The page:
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Getting acquainted with the Sasando

The sasando instrument from East Nusa Tenggara’s Rote Island has long been hidden and only visible in books, but the persistence of musicians from the instrument’s homeland is slowly bringing it to the fore.

Sasando, or sasandu in the Rote dialect, means vibrating sound instrument and it works like a harp. The 28-string version is called a sasando engkel and a 58-string version is also available. The strings surround a bamboo tube covered by a lontar (palmyra) leaf that can be opened and closed.

It is believed that the people of Rote Island have been familiar with this eye-catching instrument since the 7th century, but not many others, even in Indonesia, are aware of what the sasando looks, let alone sounds, like.

Lately, more local musicians have been trying to introduce the sasando to the rest of the country, and one of them is Jeremias Ougust Pah.

Jeremias, who is now in his 70s, is known as the sasando maestro. He can often be seen in his workshop playing a sasando he made himself with a loving smile on his face.

Preserving and popularizing the sasando runs through his veins. His father, Ougust Pah, played the instrument to entertain the guests of Rote’s king.

Jeremias and his youngest son, Djitron Pah, have modified the sasando and added a microphone to turn it into an electric instrument.

Djitron once wowed the audience of the 2010 Indonesia’s Got Talent show by playing the pop song I Believe in You, popularized by the male group Il Divo, with his sasando. He now lives in the capital city Jakarta to pursuing a musical career, still with his Sasando.

In Jeremias’ workshop, in Oebelo 25-kilometers outside the city of Kupang, he sells sasando of various sizes, the Tiilangga hat, which is made of palmyra leafs, and Ndao, which is Rote’s traditional ikat fabric, made by his wife.

I recently visited the workshop and was greeted warmly by the maestro. He let me wear the Tiilangga hat and even asked me to sing with him as he played the sasando.

When he noticed my limited knowledge of local songs, he switched to playing My Way.

After I bid farewell to Jeremias and began walking away from his workshop, I could still hear him singing the song I had unsuccessfully tried to sing before, it was Bolelebo, which expresses the Timor people's love of their hometown, no matter how far they have strayed away from it.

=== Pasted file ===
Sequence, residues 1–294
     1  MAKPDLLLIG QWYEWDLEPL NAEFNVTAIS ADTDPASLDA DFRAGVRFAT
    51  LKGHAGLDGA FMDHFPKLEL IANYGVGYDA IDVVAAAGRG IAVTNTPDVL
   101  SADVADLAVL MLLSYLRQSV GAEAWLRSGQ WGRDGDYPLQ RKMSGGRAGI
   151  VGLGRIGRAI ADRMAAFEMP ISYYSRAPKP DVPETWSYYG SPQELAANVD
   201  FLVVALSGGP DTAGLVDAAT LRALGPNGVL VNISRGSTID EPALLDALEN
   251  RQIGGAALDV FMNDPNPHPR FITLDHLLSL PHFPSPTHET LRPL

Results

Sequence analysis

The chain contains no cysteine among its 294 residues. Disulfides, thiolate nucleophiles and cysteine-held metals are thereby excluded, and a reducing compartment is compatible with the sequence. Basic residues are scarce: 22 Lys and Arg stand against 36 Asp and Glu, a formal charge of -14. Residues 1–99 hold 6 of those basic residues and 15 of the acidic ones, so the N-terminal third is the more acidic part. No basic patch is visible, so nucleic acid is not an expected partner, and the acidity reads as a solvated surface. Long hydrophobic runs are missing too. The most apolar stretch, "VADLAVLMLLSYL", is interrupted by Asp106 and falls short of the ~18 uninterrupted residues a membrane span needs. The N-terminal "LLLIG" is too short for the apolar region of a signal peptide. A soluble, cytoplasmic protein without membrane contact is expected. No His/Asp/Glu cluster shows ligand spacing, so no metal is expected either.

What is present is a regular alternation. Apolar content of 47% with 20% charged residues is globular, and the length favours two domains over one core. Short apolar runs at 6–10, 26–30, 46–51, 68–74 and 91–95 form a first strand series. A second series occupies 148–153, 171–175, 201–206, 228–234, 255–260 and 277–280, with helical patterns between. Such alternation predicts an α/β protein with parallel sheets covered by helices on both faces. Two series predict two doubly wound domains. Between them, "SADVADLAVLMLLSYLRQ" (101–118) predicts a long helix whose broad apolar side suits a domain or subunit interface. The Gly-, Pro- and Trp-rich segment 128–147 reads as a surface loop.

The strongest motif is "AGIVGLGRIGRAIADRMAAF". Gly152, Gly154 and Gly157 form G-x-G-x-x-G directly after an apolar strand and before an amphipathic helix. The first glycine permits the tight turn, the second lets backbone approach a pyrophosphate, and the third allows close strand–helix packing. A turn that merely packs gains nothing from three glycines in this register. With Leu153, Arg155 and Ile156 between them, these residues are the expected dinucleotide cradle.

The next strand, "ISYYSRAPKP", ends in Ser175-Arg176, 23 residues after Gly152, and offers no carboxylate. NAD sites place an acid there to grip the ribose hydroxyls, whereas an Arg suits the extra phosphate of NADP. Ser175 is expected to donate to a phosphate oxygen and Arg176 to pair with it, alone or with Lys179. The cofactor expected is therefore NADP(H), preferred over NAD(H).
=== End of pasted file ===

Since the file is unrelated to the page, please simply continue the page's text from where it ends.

Bolelebo lanah Timor lelebo
Bolelebo ita nusa lelebo
Baik tidak baik tanah Timor lebin baik
Baik tidak baik tanah Timor lebin baik

 

Visit Jemeriah Pah’s workshop

Rumah Sasando
Jl. Timor Raya Km 22
Oebelo
Nusa Tenggara Timur

 

Read also: Rote Island, where the living is easy

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  • Jay Aguero 2 yearss ago

    This is interesting, from this unique traditional instrument could produce such sound. So we could sit there and enjoy the performance or just a gallery to see the instrument? I'd like to listen the sound it produces.

    Reply
    Mary Sasmiro 2 yearss ago

    Actually its a gallery and a shop. But mostly Mr. Pah will be there. I was lucky to see him there while he was making his Sasando. When he sees tourist is interested in what he is doing, he is happily demonstrate how Sasando works by playing a song. I think I am lucky that he also sang. To listen how the sounds like, maybe you can go to youtube and search for Djitron Pah, his son. I hope this info is helpful.

  • Albert Knox 2 yearss ago

    Such a beautiful music instrument! Very unique indeed! It's like a harp but more traditional. Beautiful.

    Reply
    Mary Sasmiro 2 yearss ago

    The sound also beautiful. Try find djitron pah's performance in youtube and hope you enjoy the music from his sasando. He surely inherit his grandfather and father's talent.

  • Greta Russo 2 yearss ago

    Beautiful instrument and artwork! And it's very good to see the owner is expanding his business through workshop.

    Reply
    Mary Sasmiro 2 yearss ago

    Kind of like modest gallery...

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